4.6 Sodium hypochlorite
Sodium hypochlorite is the the active component of household bleach. It is a powerful disinfectant. The United States Center for Disease Control (CDC) includes immerson in sodium hypochlorite among the recommended means of disinfection for instruments contaminated with prions. Brown et al. (2004) examined the effect of concentrated aqueous solution of sodium hypochlorite mass fraction[1] of 5.25Â % to 6Â % on medical instruments. Instruments were immersed in sodium hypochlorite for 1Â h, then washed in water for 30Â min; this was repeated 5 times. They found that some instruments were not harmed at all, some had cosmetic blackening of the surface not affecting the functionality and others had patent corrosion.

Solutions of sodium hypochlorite are degraded with time because chlorine escapes as a gas. To minimize inactivation, solutions of sodium hypochlorite should be kept in a air-tight closed container and diluted only prior to use.

Kampf et al. (2020) found that 0.1Â % sodium hypochlorite[1] inactivates SARS-CoV-2 after 1 minute.

5 Autoclave
Autoclaves are the standard means to disinfect heat-resistant instruments in well-equiped medical facilities. Usual treatment is 30 min of exposure to steam at 121 °C. Validation can be performed by exposing spores of Geobacillus stearothermophilus –a particullarly heat-resistant species– to an autoclave cycle. The exposed sample and an untreated control sample are cultivated. The proccess is deemed valid if there is germination in the control sample and not in the exposed sample. An autoclave proccess cerified in this manner will inactivate most pathogens with the notable exception of prions. The WHO recommend methods for the reprocessing of instruments contaminated with prions, some of which involve combination of autoclave treatment with sodium hypochlorite or sodium hydroxide; see WHO (1999).

Swenson et al. (2018) found that some commercially available pressure cookers are suitable for disinfection up to inactivation of Geobacillus stearothermophilus.

6 Other resources
The WHO published a book on recommended practices for reprocessing of medical devices including biocides for reprocessing surgical instruments (WHO 2016). Rutala, Weber (2004) wrote an introduction to disinfection of medical equipment with chemical products.

7 Notes
  1. Not specified whether mass fraction, volume fraction or amount of substance fraction in source. Assumed to be mass fraction.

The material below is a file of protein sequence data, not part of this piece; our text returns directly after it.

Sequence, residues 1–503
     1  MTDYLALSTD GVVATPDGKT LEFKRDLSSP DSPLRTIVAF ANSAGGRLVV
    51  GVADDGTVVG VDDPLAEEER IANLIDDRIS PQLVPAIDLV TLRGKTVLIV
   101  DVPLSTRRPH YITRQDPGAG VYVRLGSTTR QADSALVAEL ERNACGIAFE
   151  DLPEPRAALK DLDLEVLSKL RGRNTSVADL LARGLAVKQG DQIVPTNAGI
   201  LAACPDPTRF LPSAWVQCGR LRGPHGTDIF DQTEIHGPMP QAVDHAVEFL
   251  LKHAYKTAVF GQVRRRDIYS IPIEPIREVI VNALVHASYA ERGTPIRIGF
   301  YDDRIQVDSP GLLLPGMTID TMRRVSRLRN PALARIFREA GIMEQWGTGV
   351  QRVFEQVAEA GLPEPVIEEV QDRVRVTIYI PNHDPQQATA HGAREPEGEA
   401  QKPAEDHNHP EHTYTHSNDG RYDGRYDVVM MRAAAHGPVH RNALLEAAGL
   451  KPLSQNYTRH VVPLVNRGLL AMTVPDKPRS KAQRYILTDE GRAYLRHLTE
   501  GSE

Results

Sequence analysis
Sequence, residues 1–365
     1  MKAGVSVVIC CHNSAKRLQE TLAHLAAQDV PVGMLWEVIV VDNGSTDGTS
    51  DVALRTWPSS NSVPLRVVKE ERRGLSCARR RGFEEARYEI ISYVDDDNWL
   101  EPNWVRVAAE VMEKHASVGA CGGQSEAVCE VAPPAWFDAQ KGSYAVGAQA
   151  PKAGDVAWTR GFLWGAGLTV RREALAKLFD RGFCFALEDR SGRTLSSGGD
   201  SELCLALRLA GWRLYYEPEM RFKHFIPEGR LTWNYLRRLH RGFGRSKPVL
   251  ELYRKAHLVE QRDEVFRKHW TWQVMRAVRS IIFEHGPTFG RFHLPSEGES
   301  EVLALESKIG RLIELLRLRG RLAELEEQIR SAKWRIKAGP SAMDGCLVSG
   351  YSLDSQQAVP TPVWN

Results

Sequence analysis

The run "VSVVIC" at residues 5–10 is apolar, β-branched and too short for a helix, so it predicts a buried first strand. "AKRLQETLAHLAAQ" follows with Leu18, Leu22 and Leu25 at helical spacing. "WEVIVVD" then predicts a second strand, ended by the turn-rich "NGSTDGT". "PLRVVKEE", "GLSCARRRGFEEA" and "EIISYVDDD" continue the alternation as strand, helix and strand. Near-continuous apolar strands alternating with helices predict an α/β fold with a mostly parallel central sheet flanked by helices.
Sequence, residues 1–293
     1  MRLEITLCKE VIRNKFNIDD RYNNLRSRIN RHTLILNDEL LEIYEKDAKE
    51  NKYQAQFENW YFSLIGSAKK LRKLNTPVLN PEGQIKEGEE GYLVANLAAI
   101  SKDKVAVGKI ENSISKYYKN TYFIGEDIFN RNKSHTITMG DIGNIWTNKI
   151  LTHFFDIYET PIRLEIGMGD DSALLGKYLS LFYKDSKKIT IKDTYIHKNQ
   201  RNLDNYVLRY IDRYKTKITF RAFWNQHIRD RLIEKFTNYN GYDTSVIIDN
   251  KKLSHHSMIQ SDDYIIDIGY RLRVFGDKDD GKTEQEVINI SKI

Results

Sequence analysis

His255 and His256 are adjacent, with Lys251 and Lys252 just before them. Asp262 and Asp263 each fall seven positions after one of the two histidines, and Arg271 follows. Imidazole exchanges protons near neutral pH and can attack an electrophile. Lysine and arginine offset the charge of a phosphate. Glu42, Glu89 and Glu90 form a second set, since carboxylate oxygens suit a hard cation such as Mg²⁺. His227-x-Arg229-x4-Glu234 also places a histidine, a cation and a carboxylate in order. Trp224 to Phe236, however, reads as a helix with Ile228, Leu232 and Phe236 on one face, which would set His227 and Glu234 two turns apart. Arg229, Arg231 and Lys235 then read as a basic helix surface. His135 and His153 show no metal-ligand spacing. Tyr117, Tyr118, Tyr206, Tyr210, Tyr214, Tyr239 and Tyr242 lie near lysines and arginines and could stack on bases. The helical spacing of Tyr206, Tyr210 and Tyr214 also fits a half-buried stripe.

2. of 0.12Â % did not inactivate
8 References
  1. E. Acosta-GÃo et al. (2001) “El cloruro de benzalconio: inaceptable para esterilizar o desinfectar instrumental médico o dental†[in Spanish]. DOI: 10.1590/S0036-36342001000600008. Open access.
  2. E. Black et al. (2017) “Evaluation of AISI Type 304 stainless steel as a suitable surface material for evaluating the efficacy of peracetic acid-based disinfectants against Clostridium difficile sporesâ€. DOI: 10.1371/journal.pone.0187074 . Open access.
  3. S. Brown et al. (2004) “Effects on instruments of the World Health Organization–recommended protocols for decontamination after possible exposure to transmissible spongiform encephalopathy–contaminated tissueâ€. DOI: 10.1002/jbm.b.30125. Open access.
  4. R. M. Cabrera-Martinez et al. (2002) “Studies on the mechanisms of the sporicidal action of ortho-phthalaldehydeâ€. DOI: 10.1046/j.1365-2672.2002.01572.x. Open access.
  5. G. Kampf et al. (2020) “Persistence of coronaviruses on inanimate surfaces and its inactivation with biocidal agents†DOI: 10.1016/j.jhin.2020.01.022.
  6. T. M. KarpiÅ„ski, A.K. Szkaradkiewicz (2015) “Chlorhexidine – pharmaco-biological activity and applicationâ€. No DOI found.
  7. M. J. Leggett et al. (2011) “Bacterial spore structures and their protective role inbiocide resistanceâ€. DOI: 10.1111/j.1365-2672.2012.05336.x. Open access.
  8. J. K. March et al. (2015) “The differential effects of heat-shocking on the viability of spores from Bacillus anthracis, Bacillus subtilis, and Clostridium sporogenes after treatment with peraceticacid- and glutaraldehyde-based disinfectantâ€. DOI: 10.1002/mbo3.277. Open access.
  9. J. Y. Maillard (2011) “Innate resistance to sporicides and potential failure to decontaminateâ€. DOI: 10.1016/j.jhin.2010.06.028.
  10. G. McDonnell, A. D. Russell (1999) “Antiseptics and Disinfectants: Activity, Action, and Resistanceâ€. DOI: 10.1128/cmr.12.1.147 . Open access.
  11. A. D. Russell (1993) “Antibacterial activity of chlorhexidineâ€. DOI: 10.1016/0195-6701(93)90109-d.
  12. Russell, A. D. (1999) “Bacterial resistance to disinfectants: present knowledge and future problemsâ€. DOI: 10.1016/s0195-6701(99)90066-x.
  13. W. A. Rutala, D. A. Weber (2004) “Disinfection and Sterilization in Health Care Facilities: What Clinicians Need to Knowâ€. DOI: 10.1086/423182.
  14. J. E. Sebben (1983) “Surgical antisepticsâ€. DOI: 10.1016/s0190-9622(83)70192-1.